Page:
Stories In Stitches 6: Reuse, Recycle, Repurpose

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During the Civil War era, knitters were frugal and used what was on hand. Tobacco twine was used to make bedspreads, tents were unraveled and the string knit into socks, rugs were knit from cut-up shirts and dresses, and old fisherman’s sweater from Europe became.

In SIS6, We explore the history of recycling. From materials to ideas, everything old can be new again.

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SKU: sis6-book Category:
Description

Description

During the Civil War era, knitters were frugal and used what was on hand. Tobacco twine was used to make bedspreads, tents were unraveled and the string knit into socks, rugs were knit from cut-up shirts and dresses, and old fisherman’s sweater from Europe became arm winter wear for Americans on both side of the Mason-Dixon line.

SIS6-Spread1In this book, you’ll find projects and stories about sweaters, socks, bedspreads, and rugs that were made from recycled materials and recycled design ideas. America is a land of immigrants, and immigrants brought our knitting traditions to this continent. Until the nineteenth century, the vast majority of immigrants were from England, Scotland, and Wales. (In addition, millions of Africans, usually ignored when discussing immigration, were kidnapped and forcibly transported to the United States to be sold as slaves until the Atlantic slave trade was outlawed in 1808.) In the nineteenth century, the ethnic mix of new immigrants began to change as people from Ireland, Italy, Germany, and Asia started flocking to our shores.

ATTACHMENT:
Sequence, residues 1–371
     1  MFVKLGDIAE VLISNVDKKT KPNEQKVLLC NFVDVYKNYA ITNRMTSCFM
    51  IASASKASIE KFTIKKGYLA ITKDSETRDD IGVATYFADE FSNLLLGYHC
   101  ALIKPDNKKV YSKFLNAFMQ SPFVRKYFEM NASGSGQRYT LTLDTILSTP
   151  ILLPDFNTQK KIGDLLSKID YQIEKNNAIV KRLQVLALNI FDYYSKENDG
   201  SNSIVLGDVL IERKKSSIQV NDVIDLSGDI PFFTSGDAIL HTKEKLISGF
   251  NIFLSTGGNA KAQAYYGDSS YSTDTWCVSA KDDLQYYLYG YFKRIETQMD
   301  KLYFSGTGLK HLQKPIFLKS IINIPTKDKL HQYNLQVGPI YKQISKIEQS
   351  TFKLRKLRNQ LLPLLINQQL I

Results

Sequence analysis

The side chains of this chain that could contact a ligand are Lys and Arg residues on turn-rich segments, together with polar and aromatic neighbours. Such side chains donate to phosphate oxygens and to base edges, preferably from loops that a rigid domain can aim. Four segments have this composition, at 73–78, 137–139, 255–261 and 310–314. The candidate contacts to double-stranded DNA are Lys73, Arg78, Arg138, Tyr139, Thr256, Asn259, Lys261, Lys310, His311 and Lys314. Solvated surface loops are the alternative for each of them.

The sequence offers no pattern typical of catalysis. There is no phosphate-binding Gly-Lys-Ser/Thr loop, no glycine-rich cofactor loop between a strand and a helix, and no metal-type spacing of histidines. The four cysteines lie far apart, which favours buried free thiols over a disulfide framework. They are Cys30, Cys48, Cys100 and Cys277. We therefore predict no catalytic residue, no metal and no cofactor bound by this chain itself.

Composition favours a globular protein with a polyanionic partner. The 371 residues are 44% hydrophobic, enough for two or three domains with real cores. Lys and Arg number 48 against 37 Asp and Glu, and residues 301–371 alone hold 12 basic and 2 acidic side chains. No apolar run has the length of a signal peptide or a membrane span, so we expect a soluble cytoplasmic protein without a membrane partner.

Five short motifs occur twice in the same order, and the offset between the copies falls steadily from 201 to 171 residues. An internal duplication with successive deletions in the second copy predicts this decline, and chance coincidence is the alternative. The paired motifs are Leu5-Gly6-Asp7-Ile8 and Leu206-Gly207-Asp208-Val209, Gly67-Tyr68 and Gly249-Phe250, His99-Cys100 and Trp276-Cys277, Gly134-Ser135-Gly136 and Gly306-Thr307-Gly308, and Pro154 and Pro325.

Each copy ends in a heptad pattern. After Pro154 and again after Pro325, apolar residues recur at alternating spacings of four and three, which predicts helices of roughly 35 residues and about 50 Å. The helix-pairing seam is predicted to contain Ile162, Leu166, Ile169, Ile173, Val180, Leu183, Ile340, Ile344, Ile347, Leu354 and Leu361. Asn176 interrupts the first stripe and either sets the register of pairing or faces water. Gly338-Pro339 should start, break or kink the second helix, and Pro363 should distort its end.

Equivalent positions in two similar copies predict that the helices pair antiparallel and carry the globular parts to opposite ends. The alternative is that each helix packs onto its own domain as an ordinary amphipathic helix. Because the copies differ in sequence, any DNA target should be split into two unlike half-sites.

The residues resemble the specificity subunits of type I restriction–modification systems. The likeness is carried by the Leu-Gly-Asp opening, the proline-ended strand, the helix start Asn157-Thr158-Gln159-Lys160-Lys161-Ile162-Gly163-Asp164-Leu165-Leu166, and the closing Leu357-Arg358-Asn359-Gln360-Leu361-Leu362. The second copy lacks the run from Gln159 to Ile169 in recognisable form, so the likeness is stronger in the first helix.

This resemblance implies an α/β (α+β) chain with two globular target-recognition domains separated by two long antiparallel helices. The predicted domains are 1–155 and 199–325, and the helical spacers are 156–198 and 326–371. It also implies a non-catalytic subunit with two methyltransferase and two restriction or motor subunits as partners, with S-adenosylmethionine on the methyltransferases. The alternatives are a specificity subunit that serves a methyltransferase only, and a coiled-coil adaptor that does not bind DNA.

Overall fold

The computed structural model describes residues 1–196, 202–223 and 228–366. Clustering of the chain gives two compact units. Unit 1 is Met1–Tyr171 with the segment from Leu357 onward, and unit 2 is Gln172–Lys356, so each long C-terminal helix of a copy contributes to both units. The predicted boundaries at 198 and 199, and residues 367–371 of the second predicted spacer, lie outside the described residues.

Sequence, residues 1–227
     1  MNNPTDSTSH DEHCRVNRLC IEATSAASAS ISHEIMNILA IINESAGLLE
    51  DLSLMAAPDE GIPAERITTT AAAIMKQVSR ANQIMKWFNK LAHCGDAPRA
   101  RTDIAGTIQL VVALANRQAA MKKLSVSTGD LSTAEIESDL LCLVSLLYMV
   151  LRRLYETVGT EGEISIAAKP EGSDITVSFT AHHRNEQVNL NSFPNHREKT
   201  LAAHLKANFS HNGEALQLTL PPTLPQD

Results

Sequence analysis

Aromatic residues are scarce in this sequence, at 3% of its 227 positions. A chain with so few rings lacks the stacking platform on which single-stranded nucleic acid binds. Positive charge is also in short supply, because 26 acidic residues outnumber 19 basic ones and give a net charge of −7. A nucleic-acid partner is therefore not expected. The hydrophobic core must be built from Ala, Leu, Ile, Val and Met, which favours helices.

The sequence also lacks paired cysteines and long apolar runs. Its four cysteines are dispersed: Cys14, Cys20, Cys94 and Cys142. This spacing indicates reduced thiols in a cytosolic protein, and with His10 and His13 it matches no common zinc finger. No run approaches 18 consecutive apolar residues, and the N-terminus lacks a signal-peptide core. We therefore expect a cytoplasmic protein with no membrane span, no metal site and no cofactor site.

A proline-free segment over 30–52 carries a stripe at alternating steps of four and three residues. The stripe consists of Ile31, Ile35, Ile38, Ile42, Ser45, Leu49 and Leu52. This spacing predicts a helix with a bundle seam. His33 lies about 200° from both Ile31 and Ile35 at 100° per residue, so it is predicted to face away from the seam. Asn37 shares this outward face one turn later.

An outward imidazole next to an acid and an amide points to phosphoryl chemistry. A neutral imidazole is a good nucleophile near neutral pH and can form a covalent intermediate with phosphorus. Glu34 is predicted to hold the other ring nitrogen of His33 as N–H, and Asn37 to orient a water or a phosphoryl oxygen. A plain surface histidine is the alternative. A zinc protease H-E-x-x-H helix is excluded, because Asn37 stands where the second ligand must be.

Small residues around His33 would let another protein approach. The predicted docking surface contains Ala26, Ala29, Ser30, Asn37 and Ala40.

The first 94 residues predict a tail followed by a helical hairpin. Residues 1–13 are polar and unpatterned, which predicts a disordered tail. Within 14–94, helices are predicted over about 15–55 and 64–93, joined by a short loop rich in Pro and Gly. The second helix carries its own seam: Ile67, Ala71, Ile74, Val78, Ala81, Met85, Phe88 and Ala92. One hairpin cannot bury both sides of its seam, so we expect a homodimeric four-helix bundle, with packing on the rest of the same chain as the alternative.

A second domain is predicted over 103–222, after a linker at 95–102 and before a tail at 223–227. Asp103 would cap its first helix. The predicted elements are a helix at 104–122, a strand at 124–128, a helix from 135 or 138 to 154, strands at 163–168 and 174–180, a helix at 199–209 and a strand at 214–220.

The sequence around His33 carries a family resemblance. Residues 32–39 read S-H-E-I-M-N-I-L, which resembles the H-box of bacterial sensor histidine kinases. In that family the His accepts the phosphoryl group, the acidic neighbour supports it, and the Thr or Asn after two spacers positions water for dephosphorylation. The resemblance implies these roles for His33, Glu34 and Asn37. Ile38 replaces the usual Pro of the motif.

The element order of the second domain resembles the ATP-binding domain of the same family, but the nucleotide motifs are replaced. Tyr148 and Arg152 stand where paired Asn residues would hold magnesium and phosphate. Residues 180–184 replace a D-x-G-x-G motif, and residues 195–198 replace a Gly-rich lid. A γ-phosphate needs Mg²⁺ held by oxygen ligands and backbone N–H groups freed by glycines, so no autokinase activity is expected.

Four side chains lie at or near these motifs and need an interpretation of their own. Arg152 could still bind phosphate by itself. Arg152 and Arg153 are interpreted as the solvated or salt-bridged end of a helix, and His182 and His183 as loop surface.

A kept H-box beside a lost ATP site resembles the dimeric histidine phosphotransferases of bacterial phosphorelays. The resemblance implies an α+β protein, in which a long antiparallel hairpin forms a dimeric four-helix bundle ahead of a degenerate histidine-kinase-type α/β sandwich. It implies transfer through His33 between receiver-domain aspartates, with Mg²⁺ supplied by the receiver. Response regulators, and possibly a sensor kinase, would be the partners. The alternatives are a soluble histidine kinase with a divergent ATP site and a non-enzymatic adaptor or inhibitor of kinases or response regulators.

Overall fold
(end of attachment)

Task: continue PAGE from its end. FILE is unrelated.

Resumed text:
– Donna

Additional information

Additional information

Weight 0.875 lbs
Dimensions 12 × 9 × 1 in
Editors Letter

Editors Letter

In this book, you’ll find projects and stories about sweaters, socks, bedspreads, and rugs that were made from recycled materials and recycled design ideas. America is a land of immigrants, and immigrants brought our knitting traditions to this continent. Until the nineteenth century, the vast majority of immigrants were from England, Scotland, and Wales. (In addition, millions of Africans, usually ignored when discussing immigration, were kidnapped and forcibly transported to the United States to be sold as slaves until the Atlantic slave trade was outlawed in 1808.) In the nineteenth century, the ethnic mix of new immigrants began to change as people from Ireland, Italy, Germany, and Asia started flocking to our shores.

– Donna

Index

Index

« INTRODUCTION »
Immigrants In America
Donna Druchunas

« 1 : FISHERMAN’S SWEATERS »
The Lady in the Fisherman’s Sweater
Knitting a Military Tune
The Fourth Artillery Regimental Brass Band
Dressed for Death Row
Traditional Gansey Pattern Construction

« 2 : MEN’S GANSEYS »
Hagar’s Gansey Kevin’s Gansey

« 3 : WOMEN’S GANSEYS »
Ruth’s Gansey Dottie’s Gansey

« 4 : STOCKINGS AND SOCKS »
Slaveholding As It Was
Liberty Sontag
Civil War Socks for Modern Knitters
Victorian Ladies’ Stockings
Union Army Men’s Socks

« 5 : RECYCLED HOME »
Reduce, Reuse, Recycle
Tobacco Twine Crochet
Tear Up Your Old Scraps and Knit a Rug
Old Clothes Underfoot: The Round Knitted Rug

« APPENDICES »
What’s Next
Abbreviations and Techniques
Bibliography and Credits
Acknowledgments

Project Photos

Project Photos